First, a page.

A digital divide is an economic inequality between groups, broadly construed, in terms of access to, use of, or knowledge of information and communication technologies (ICT). The divide inside countries (such as the digital divide in the United States) can refer to inequalities between individuals, households, businesses, and geographic areas at different socioeconomic and other demographic levels, while the Global digital divide designates countries as the units of analysis and examines the divide between developing and developed countries on an international scale.
An individual must be able to connect in order to achieve enhancement of social and cultural capital as well as achieve mass economic gains in productivity. Therefore, access is a necessary (but not sufficient) condition for overcoming the digital divide. Access to ICT meets significant challenges that stem from income restrictions. The borderline between ICT as a necessity good and ICT as a luxury good is roughly around the “magical number” of US$10 per person per month, or US$120 per year, which means that people consider ICT expenditure of US $120 per year as a basic necessity. Since more than 40% of the world population lives on less than US$ 2 per day, and around 20% live on less than US$ 1 per day (or less than US$ 365 per year), these income segments would have to spend one third of their income on ICT (120/365 = 33%), which is a lot to ask, since the global average of ICT spending is at a mere 3% of income. Potential solutions include driving down the costs of ICT, which includes low cost technologies and shared access through open networks and public WiFi.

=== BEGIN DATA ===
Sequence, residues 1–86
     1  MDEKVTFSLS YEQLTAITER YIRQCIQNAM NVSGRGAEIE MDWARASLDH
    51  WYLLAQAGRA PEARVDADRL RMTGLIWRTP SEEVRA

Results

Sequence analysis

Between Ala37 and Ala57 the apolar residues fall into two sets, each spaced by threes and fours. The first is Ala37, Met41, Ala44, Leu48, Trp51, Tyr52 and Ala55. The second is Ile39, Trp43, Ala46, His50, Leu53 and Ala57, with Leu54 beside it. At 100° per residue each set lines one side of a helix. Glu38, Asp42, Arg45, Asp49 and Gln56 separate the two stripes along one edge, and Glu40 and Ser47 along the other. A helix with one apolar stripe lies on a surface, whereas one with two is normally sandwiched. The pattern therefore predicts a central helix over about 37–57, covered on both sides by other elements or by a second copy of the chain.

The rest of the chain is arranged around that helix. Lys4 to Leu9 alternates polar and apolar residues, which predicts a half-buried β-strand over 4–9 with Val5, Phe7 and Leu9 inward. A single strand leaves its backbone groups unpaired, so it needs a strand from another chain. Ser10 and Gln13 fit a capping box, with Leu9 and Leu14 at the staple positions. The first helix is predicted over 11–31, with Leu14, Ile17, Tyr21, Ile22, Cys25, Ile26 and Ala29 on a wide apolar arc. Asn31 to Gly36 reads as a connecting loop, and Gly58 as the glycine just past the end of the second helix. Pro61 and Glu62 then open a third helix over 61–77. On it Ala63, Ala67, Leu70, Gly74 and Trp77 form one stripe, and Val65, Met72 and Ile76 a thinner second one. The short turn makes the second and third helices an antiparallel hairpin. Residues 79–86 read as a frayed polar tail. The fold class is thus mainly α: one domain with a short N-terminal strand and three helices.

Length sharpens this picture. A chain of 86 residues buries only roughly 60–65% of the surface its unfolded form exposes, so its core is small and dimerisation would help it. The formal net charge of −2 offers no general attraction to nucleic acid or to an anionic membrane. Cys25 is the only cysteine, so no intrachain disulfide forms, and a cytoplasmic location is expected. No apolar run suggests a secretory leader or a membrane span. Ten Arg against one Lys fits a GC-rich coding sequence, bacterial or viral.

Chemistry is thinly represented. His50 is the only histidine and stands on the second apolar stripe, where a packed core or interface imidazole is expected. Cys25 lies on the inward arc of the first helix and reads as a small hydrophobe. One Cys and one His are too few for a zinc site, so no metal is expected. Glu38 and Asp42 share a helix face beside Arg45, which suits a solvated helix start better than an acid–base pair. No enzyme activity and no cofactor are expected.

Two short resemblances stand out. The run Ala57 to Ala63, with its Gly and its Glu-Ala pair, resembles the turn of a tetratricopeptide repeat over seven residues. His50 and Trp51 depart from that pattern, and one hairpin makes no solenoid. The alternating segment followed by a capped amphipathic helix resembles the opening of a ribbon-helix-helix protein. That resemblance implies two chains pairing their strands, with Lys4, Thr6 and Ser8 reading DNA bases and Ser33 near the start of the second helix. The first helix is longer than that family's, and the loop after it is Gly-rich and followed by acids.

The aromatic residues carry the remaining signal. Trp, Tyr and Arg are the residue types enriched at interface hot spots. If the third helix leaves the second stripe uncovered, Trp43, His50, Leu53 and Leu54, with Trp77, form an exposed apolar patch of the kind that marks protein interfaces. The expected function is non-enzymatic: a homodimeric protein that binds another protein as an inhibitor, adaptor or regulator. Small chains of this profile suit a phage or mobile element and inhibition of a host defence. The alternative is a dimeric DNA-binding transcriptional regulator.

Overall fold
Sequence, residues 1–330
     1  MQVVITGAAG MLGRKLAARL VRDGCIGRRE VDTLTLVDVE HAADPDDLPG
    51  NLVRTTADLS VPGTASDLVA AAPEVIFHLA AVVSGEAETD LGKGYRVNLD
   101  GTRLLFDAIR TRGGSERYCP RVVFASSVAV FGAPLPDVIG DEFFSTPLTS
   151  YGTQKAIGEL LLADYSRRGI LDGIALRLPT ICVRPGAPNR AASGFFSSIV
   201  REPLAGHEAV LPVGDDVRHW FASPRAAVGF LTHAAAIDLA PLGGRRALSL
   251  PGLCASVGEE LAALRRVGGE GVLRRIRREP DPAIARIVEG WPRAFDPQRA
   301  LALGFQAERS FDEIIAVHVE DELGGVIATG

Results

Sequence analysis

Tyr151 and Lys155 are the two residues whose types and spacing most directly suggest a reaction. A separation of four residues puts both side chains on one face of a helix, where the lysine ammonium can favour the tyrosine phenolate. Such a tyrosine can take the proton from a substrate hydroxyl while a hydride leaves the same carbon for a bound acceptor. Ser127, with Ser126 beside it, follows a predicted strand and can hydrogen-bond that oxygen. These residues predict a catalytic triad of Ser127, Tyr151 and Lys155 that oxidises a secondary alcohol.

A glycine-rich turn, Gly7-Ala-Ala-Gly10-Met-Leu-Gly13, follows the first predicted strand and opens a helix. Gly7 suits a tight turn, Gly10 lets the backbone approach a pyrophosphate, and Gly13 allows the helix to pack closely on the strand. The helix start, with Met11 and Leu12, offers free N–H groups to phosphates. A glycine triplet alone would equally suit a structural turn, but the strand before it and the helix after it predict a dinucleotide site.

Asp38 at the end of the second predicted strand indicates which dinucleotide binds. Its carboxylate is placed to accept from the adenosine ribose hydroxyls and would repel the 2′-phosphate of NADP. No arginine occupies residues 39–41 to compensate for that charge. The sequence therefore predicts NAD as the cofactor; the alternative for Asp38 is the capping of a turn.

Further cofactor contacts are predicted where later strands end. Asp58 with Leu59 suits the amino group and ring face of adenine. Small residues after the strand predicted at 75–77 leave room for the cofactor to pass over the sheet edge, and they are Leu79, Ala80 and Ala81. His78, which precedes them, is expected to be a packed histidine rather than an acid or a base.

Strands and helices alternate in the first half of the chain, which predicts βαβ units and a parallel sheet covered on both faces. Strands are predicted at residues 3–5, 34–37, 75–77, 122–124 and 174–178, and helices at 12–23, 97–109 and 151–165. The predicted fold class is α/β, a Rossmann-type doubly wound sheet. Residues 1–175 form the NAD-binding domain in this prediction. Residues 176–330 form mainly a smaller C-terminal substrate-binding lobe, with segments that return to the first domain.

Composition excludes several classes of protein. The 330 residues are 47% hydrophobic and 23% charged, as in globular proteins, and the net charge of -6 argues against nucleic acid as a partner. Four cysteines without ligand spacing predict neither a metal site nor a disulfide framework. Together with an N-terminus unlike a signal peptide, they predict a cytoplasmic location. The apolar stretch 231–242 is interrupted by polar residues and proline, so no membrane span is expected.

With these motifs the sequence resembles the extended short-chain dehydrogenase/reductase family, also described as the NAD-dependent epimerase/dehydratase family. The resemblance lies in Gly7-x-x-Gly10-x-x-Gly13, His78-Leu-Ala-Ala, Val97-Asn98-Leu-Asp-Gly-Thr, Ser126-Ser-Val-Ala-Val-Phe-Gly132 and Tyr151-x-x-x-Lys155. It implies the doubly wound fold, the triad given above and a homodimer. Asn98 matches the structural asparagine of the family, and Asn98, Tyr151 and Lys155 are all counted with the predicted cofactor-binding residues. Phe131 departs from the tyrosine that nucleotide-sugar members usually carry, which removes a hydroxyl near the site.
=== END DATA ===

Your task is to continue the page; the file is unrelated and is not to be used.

The execution of the latter is our Mission!